CFP Board Aims to Boost Those Female Ranks

The relatively small percentage of women in the ranks of certified financial planners has spurred an initiative by Certified Financial Planner Board (CFP) of Standards Inc.

“As more and more Americans need help to meet their financial goals, CFP professionals, and those who aspire to join our ranks, have an important opportunity to help Americans get back on track and take control of their financial lives,” said Nancy A. Kistner, chair of the CFP’s board of directors.

Only about 23% of the 68,000 CFP professionals are female, a statistic that has not budged for a decade. Fields like education, medicine and law, among others, are seeing more gender parity, Kistner pointed out at the Women Advisors Forum in New York. “It is well past time that we welcome more women in financial services, particularly financial planning,” she said.

The CFP board formed a Women’s Initiative Advisory Panel of financial planning representatives. The panel will help to identify the challenges women face when becoming certified and beginning a career in financial planning, as well as recommend solutions to increase the ranks of female CFP professionals. Kistner will serve as chair of the panel and lead the overall effort.

Members of the panel include: Alexa von Tobel, founder and president, LearnVest;  Bob Glovsky, former chair of the board of directors, CFP board; Karen Schaeffer, former chair of the board of directors, CFP board and former chair, Financial Planning Standards Board; Kate Healy, managing director, TD Ameritrade Institutional; Mindy Diamond, president and CEO, Diamond Consultants; Mary Beth Franklin, journalist; Lazetta Braxton, founder, Financial Foundations; Kathleen McQuiggan, president, Catalina Leadership; and Eleanor Blayney, consumer advocate, CFP Board.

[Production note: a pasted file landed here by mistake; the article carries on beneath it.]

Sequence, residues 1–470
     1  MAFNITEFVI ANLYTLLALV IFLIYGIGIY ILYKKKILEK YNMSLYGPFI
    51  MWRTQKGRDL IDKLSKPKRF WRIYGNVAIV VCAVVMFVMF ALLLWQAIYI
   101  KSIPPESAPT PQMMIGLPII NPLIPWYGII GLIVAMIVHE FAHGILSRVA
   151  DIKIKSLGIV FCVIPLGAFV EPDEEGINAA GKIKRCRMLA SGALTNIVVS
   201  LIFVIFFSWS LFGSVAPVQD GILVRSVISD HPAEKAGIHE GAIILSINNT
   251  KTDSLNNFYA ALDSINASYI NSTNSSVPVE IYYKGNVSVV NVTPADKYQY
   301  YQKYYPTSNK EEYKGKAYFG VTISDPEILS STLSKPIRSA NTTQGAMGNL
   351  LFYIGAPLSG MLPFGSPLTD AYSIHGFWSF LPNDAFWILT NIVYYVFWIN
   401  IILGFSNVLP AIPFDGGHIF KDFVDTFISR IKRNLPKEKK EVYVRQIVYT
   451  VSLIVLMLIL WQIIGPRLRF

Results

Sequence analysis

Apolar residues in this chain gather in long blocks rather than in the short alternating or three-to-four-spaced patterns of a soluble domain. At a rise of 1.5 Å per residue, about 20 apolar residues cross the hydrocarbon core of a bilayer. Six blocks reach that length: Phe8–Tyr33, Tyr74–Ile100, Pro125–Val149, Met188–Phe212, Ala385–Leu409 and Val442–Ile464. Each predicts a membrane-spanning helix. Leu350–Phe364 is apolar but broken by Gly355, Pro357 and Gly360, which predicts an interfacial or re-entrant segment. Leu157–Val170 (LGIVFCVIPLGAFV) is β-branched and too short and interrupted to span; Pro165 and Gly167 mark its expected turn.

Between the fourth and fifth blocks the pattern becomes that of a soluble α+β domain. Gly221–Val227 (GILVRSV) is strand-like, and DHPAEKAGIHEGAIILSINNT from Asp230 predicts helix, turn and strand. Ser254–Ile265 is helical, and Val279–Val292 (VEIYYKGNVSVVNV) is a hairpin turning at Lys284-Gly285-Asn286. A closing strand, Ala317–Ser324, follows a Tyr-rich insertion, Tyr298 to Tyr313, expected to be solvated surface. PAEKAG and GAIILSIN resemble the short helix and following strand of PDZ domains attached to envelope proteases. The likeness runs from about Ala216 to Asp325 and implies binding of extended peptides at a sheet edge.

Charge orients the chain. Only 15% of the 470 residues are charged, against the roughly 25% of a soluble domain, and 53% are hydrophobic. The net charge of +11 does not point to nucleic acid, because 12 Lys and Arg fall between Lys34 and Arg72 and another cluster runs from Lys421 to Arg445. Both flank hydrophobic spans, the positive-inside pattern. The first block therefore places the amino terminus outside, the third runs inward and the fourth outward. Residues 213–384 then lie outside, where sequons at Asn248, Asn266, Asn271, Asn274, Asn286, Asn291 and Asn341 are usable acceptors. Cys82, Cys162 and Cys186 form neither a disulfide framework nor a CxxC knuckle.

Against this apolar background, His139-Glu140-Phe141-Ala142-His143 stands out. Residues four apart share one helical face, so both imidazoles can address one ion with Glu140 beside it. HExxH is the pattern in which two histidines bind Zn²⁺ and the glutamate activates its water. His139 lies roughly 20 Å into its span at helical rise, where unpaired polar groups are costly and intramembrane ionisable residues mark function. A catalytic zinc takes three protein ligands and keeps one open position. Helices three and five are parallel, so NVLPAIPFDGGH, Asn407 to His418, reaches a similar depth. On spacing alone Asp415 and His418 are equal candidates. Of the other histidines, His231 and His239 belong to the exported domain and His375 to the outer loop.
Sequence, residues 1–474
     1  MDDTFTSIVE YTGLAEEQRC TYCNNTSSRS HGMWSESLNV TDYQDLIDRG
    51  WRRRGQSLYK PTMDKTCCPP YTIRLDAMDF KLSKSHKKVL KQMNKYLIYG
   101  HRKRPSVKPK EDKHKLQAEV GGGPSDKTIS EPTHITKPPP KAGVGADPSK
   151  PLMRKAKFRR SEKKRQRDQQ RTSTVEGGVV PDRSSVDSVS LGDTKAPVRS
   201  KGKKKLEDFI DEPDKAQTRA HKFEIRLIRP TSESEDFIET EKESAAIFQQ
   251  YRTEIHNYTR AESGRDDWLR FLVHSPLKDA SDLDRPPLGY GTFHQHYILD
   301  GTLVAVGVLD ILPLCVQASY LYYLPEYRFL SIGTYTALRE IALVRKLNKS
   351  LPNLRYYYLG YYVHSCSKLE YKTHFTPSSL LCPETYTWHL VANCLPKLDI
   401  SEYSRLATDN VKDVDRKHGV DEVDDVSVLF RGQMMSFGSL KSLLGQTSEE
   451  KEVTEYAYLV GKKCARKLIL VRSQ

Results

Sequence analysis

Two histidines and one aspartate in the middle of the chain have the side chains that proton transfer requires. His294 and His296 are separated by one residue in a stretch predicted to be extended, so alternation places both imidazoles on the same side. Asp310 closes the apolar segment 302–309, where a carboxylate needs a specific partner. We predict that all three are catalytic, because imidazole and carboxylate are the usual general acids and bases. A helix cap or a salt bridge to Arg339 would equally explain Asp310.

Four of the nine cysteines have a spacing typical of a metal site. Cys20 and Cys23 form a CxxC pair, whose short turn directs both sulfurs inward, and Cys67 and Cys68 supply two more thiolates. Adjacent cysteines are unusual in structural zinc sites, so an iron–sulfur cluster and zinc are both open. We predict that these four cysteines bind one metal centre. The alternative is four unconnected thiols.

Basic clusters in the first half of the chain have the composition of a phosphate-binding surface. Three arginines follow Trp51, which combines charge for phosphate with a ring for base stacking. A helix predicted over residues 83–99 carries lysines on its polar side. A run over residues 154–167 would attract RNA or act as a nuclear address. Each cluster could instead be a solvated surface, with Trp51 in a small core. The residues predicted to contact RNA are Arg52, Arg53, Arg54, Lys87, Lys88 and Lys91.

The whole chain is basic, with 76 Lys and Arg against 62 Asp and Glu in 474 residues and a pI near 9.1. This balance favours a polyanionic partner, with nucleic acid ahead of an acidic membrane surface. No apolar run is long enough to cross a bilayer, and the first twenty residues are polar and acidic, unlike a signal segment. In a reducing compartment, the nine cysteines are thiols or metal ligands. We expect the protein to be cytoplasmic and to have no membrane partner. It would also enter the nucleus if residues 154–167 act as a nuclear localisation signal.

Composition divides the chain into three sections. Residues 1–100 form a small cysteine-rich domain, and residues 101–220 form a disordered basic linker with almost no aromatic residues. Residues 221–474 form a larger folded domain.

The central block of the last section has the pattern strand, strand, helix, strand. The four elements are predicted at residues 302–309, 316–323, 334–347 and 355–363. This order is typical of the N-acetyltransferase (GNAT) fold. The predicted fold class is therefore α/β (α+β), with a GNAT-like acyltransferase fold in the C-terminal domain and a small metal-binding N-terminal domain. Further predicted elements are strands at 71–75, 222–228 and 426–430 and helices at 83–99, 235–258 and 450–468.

The panel will meet twice in 2013, beginning with a spring meeting to closely examine the problem. Following this inaugural meeting, CFP Board will draw upon the panel’s discussion to conduct quantitative and qualitative research. The panel will meet in the fall to review the research findings and make recommendations, and release a report detailing research conclusions, as well as recommended solutions to increase the number of American women providing ethical and competent financial planning advice.

Kistner also serves as the managing director and wealth planning solutions market director at U.S. Trust, Bank of America Private Wealth Management. “Growing the ranks of female CFP professionals not only makes good business sense, but it builds the heart and soul of this profession, which is all about helping Americans achieve financial security,” Kistner said. “When more women advisers are helping more women clients, they are also helping spouses, children, families and communities.”